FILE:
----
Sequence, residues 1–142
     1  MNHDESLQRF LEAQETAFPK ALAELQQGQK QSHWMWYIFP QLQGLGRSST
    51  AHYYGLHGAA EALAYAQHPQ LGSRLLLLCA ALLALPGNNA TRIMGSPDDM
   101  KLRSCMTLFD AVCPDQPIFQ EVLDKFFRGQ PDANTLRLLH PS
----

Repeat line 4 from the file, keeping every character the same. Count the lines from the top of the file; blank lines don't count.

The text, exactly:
   101  KLRSCMTLFD AVCPDQPIFQ EVLDKFFRGQ PDANTLRLLH PS